User Tools

Site Tools


ETH Course 402-0248-00L: Electronics for Physicists II (Digital) - EFP2

Also known as EFP2

As of Spring 2019, teaching of this course will be taken over by Dr. Yves Acremann

<html> <table style=“width:194px;”><tr><td align=“center” style=“height:194px;background:url( no-repeat left”><a href=“”><img src=“” width=“320” height=“320” style=“margin:1px 0 0 4px;”></a></td></tr><tr><td style=“text-align:center;font-family:arial,sans-serif;font-size:11px”><a href=“” style=“color:#4D4D4D;font-weight:bold;text-decoration:none;”>Electronics for Physicists II (Digital)</a></td></tr></table> </html>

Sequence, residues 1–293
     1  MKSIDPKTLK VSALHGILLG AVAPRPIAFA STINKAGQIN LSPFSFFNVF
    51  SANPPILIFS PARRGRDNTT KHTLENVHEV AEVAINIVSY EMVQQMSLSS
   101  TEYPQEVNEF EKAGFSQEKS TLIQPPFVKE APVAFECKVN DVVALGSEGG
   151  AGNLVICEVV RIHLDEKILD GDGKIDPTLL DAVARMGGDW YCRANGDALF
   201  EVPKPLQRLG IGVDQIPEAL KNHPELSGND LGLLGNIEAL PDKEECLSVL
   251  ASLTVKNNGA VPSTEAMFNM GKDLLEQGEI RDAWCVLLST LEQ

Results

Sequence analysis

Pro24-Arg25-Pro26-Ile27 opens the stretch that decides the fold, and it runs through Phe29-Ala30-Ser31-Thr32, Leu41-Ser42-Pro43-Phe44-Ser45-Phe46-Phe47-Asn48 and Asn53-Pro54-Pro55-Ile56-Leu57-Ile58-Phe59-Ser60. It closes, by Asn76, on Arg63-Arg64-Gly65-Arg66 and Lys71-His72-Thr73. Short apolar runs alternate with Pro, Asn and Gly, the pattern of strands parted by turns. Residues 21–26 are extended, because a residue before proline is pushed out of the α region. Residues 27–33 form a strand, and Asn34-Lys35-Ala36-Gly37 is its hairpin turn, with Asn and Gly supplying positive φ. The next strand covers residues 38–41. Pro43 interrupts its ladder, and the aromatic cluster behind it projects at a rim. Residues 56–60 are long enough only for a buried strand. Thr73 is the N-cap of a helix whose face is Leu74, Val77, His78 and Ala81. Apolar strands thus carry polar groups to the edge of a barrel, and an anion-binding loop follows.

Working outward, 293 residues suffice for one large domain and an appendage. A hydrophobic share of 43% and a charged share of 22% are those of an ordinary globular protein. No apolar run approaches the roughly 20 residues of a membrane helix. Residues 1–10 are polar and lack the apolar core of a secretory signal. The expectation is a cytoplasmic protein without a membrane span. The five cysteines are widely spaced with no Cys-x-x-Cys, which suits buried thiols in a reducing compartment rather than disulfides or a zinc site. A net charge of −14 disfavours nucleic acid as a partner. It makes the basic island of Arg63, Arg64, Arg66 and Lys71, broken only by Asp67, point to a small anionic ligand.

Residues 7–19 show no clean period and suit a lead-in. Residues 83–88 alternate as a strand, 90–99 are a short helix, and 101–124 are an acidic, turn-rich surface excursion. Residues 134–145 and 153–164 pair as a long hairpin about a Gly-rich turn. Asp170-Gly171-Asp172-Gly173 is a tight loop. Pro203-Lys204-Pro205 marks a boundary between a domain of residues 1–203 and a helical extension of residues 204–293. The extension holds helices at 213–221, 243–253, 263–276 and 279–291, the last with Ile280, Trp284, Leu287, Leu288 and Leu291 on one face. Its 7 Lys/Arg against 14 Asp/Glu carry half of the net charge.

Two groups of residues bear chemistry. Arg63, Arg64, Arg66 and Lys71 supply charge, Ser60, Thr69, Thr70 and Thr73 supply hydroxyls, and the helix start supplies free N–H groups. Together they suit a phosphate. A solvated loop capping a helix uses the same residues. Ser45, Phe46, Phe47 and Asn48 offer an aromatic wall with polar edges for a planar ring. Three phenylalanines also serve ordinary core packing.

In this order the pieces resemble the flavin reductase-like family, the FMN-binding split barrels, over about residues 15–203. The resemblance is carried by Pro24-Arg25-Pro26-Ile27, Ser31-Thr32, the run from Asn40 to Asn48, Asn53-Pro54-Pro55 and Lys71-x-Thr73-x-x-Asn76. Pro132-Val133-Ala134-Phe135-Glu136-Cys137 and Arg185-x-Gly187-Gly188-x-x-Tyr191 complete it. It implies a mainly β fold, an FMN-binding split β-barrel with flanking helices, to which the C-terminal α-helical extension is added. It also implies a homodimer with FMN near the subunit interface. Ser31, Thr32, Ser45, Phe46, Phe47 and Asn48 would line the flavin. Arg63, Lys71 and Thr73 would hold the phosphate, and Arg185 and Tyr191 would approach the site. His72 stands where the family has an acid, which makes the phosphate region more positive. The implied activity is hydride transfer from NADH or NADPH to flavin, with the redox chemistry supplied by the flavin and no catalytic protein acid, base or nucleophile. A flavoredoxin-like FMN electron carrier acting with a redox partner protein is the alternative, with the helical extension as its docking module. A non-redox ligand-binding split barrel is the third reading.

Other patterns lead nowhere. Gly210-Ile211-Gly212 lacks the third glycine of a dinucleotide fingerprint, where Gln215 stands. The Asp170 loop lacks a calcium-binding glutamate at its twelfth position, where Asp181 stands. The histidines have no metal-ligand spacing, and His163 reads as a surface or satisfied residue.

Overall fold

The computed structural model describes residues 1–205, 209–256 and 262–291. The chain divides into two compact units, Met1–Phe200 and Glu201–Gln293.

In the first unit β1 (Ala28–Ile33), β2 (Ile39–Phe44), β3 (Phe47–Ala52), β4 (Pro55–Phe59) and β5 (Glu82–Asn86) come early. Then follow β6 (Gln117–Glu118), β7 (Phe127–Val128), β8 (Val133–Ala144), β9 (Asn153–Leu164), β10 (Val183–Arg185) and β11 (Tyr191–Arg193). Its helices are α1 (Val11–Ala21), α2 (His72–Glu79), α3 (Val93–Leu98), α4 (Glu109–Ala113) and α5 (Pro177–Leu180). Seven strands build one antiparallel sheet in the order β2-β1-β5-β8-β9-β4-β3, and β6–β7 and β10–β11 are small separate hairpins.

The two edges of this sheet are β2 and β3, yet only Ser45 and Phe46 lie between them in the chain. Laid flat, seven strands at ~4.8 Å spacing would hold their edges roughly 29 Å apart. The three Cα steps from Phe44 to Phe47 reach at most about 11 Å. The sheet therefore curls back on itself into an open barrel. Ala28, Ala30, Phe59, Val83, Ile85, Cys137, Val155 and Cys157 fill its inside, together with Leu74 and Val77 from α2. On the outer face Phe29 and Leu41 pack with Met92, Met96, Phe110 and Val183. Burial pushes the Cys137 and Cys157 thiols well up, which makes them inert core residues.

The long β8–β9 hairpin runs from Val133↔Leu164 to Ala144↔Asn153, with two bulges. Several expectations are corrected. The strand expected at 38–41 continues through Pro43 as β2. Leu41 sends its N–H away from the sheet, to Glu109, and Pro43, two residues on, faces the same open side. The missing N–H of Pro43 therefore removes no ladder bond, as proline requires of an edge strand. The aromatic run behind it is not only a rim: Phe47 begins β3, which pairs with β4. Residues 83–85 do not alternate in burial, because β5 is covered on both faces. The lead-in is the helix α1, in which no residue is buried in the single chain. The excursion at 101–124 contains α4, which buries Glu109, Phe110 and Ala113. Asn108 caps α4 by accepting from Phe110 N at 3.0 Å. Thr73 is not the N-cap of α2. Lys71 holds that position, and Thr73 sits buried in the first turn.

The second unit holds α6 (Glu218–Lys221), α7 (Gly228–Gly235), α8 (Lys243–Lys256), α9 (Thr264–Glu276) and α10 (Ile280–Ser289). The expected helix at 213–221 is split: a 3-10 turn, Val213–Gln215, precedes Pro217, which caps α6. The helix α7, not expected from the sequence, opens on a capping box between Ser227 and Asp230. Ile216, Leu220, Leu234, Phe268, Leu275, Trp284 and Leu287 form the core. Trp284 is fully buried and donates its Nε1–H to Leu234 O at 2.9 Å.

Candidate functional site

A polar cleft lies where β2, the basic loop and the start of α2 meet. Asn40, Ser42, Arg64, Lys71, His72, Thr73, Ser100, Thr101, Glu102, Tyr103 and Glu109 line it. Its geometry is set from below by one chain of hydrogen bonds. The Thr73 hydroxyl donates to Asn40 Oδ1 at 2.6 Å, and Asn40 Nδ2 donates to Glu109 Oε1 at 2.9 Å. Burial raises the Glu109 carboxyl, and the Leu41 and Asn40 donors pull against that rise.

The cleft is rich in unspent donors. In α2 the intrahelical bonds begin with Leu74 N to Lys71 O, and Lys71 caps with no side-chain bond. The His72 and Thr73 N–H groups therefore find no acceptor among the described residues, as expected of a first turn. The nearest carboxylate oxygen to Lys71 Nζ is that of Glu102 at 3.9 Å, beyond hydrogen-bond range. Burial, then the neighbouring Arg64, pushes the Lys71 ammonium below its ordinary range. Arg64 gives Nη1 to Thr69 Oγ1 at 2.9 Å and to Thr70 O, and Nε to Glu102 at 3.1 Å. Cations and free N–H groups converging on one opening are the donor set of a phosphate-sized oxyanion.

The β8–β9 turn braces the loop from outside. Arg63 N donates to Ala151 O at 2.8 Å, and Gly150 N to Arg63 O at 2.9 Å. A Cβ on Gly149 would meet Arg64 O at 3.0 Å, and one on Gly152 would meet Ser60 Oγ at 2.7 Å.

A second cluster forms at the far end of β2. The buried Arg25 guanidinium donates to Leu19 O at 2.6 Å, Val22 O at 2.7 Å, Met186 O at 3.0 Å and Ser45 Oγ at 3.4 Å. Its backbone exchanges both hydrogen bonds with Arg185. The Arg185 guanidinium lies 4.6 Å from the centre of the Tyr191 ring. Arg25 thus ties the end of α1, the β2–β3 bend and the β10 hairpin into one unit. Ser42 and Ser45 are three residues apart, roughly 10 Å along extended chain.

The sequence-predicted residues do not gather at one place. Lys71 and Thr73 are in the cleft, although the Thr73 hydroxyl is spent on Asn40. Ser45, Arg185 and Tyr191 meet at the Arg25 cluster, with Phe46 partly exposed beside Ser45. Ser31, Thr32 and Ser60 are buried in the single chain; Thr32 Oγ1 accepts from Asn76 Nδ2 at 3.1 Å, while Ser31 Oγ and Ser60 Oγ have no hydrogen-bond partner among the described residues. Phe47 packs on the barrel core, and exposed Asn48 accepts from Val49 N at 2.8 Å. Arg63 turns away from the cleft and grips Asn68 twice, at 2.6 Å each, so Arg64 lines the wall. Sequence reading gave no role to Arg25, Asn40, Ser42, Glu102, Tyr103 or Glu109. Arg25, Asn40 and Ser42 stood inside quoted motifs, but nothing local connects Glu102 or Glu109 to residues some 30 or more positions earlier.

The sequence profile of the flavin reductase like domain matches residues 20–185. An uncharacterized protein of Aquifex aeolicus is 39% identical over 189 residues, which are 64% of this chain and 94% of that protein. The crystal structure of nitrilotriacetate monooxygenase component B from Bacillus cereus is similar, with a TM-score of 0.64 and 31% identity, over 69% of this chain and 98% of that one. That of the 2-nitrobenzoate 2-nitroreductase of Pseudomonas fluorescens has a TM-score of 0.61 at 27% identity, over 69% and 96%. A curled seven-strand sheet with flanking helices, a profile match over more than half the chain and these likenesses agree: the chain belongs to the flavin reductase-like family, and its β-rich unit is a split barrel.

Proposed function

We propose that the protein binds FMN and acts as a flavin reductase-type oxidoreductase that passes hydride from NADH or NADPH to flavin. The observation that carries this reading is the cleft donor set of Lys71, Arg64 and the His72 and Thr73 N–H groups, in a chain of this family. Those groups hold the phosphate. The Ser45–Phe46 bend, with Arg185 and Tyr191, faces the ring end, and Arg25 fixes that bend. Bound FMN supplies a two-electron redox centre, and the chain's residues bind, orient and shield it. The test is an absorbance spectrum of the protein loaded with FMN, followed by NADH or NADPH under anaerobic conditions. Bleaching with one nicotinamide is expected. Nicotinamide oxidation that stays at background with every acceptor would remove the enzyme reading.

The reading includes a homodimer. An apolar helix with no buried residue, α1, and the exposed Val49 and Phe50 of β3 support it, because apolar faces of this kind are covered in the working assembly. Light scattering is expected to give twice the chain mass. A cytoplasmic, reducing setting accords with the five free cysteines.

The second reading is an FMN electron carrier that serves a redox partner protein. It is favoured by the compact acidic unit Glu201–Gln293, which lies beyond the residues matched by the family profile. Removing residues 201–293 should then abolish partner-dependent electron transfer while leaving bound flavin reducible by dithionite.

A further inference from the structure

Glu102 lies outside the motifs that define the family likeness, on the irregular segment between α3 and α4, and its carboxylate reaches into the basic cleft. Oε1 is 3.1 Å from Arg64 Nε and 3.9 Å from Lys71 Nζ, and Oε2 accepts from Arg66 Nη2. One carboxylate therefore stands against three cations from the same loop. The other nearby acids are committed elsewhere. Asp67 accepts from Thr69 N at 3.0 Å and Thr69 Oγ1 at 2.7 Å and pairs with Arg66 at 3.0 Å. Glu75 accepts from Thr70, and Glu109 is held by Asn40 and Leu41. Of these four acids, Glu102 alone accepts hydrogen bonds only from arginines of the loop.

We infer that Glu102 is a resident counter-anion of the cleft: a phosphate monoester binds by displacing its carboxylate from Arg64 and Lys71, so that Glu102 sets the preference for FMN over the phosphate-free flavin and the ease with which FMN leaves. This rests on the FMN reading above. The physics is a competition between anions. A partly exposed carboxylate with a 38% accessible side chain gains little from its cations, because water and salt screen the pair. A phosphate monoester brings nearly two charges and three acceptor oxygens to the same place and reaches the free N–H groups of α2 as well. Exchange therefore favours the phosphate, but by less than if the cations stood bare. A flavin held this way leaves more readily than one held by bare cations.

This course teaches the basics of digital electronics, to provide hands-on experience with using COTS (Commodity Off The Shelf) components to build systems. The course complements the preceding analog course by teaching logic design and digital systems that convert and process analog information. It covers the use of microcontrollers (AVR architecture) and reconfigurable logic (Xilinx FPGA) from basics to physical implementation, including PCB design and surface-mount assembly. The aim of the course is to remove the fear of starting a project and offer the students a first experience at many levels of design.


The course consists of short lectures on theory and exercises using two different hardware platforms - a microcontroller board with Universal Serial Bus (USB) interface, and a Field Programmable Gate Array (FPGA) board. In addition the course includes exercises in printed circuit board (PCB) design and PCB surface mount assembly.